The court next addressed whether Maryland's adjustments to census data were made systematically. It concluded that they were. The MDP undertook and documented a multistep process by which it attempted to identify the last known address of all individuals in Maryland's prisons. It then used this information to make the relevant adjustments to the data it had received from the Census Bureau. This process substantially differed from the “haphazard, inconsistent, or conjectural” alterations the Supreme Court rejected in Karcher.

While the plaintiffs did not dispute the adjustment process they raised two objections to the result. First, they argued that if Maryland corrected for prisoner-related population distortions, it also must make similar adjustments to account for the distortionary effects of college students and members of the military. Second, they contended that most prisoners do not return to their last known residence after release.

According to the court, neither of these objections was probative of whether the adjustments were proper. While Maryland might produce more accurate data if it assigned college students or active duty military personnel to their permanent home addresses for redistricting, it was not constitutionally obligated to do so. Moreover, its failure to further improve its redistricting data by determining students' and soldiers' home addresses had little bearing on the merits of the plaintiffs' Article 1, 2 claim made with respect to prisoners.

The court also disagreed with the plaintiffs' argument that college students, soldiers, and prisoners are similarly situated groups. It noted that college students and members of the military can vote, while incarcerated persons cannot. In addition, college students and military personnel can interact with members of the surrounding community and engage fully in civic life. In this sense, both groups have a much more substantial connection to, and effect on, the communities where they reside than do prisoners.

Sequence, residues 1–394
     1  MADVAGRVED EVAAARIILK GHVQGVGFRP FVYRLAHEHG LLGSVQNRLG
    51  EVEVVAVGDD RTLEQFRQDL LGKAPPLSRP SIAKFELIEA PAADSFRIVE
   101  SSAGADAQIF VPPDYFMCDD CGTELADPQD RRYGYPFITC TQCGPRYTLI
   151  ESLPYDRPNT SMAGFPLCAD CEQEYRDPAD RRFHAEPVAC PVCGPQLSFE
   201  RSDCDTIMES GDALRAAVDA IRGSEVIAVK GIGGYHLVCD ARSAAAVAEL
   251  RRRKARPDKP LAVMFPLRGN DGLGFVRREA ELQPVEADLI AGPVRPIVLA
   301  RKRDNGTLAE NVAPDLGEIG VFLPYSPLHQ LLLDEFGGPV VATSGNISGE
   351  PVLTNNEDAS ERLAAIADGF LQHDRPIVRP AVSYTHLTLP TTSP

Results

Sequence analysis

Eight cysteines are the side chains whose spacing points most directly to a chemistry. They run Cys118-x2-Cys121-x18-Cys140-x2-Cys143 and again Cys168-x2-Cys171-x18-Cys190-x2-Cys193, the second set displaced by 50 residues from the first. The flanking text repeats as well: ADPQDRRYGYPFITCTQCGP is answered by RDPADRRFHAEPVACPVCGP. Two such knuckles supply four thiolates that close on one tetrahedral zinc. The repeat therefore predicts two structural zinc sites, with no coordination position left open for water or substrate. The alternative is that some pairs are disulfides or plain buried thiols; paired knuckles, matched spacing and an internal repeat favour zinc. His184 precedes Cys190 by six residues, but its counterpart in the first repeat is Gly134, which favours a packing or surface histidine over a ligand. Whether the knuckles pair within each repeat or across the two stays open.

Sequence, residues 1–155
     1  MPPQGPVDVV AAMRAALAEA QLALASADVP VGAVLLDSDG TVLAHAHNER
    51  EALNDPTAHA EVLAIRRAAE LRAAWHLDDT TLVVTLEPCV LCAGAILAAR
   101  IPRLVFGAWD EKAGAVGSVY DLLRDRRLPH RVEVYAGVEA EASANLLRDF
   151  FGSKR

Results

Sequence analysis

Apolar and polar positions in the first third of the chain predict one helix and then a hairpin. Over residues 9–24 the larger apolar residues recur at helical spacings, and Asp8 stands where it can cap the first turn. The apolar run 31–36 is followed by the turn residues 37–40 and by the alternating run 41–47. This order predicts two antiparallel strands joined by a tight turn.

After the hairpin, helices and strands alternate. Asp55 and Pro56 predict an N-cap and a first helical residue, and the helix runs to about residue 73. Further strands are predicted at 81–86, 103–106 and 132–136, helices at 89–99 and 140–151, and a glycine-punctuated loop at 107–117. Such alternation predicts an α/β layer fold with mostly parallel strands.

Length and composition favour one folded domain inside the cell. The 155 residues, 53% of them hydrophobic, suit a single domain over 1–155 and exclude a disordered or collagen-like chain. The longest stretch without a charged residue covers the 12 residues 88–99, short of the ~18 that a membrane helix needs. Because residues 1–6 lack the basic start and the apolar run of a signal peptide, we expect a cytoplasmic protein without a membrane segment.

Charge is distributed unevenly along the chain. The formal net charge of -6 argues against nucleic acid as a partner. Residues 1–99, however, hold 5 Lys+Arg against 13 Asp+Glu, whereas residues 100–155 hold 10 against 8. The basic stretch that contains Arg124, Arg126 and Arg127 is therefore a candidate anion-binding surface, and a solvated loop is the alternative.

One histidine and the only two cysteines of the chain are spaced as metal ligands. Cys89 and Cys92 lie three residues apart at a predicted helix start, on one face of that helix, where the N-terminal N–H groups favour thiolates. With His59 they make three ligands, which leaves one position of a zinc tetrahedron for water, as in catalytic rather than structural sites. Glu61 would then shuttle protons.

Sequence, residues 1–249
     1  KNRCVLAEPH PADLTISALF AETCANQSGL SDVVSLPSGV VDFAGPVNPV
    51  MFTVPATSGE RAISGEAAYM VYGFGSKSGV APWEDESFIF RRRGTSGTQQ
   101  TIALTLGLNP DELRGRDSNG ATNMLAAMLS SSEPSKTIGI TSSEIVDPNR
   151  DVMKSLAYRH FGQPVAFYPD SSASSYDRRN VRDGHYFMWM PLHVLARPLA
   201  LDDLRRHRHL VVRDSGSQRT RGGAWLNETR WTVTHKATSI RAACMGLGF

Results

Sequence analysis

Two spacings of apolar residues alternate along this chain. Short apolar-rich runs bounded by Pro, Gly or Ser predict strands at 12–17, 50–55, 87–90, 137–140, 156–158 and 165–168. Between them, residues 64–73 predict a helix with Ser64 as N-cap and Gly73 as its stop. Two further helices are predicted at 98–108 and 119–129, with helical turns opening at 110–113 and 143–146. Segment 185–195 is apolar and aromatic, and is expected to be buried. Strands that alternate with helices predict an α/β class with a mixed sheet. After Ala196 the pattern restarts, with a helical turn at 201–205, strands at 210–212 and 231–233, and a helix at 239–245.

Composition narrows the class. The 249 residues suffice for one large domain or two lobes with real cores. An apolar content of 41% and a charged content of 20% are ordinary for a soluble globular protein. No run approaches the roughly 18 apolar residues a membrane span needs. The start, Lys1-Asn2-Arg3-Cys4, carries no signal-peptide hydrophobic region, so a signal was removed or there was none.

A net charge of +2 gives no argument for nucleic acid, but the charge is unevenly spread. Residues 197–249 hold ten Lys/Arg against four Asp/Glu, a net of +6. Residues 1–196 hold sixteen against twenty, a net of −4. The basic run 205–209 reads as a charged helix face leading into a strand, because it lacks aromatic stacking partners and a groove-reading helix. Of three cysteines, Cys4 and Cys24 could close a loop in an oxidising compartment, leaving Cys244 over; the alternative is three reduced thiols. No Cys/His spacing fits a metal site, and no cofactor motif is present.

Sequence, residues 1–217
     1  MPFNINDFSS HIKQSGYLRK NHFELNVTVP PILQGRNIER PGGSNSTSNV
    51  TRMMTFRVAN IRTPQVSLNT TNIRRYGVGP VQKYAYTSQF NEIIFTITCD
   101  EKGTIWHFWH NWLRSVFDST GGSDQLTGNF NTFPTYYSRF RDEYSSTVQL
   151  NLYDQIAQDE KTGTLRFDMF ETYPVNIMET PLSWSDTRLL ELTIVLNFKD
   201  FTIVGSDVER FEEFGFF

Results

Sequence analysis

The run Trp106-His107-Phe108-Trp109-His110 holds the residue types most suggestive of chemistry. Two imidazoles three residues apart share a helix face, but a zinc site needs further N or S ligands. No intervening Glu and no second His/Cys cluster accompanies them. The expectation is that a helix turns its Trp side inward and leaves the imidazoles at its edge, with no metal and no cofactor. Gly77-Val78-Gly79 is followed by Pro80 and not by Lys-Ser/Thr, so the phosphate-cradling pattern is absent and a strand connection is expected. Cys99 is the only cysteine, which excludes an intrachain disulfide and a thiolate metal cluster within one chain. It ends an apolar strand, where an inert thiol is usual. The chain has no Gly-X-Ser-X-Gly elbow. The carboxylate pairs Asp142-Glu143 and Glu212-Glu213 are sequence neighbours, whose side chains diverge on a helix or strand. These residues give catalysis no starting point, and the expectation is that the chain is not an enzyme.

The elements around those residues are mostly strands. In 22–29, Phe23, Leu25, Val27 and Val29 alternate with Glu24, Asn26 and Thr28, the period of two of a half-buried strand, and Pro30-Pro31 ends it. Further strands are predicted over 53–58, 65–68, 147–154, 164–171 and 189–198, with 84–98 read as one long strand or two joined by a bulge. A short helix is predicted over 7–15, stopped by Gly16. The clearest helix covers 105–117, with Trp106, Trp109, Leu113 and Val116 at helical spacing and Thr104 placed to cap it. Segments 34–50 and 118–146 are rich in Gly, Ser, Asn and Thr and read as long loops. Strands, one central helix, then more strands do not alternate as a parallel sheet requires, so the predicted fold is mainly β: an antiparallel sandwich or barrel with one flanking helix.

The court also rejected the plaintiffs' argument that the adjustments were improper because most prisoners do not return to their last known addresses after release. It noted that at least some prisoners will do so and some correction is better than no correction. It concluded that the state's adjusted data would be more accurate than the information contained in the initial census reports, which does not account to prisoners' community ties at all.

As a result, the court concluded that the state did not violate Article I, 2 by adjusting the raw census data as it did.


The plaintiffs also contended that the act's exclusion of incarcerated non-Maryland residents from the population base constituted intentional discrimination on the basis of race, in violation of the Fourteenth Amendment, because more than 71% of the excluded prisoners were African-American.

The court found no support in the record for this contention. It noted that it is well-established that allegations of disparate impact alone are insufficient to state a claim under the Fourteenth Amendment. Instead, plaintiffs must prove purposeful discrimination. The court's review of the record revealed no evidence that intentional racial classification was the moving force behind the passage of the act. In fact, the evidence pointed to precisely the opposite conclusion. As the amicus brief of the Howard University School of Law Civil Rights Clinic and other civil rights organizations makes clear, the act was the product of years of work by groups dedicated to advancing the interests of minorities.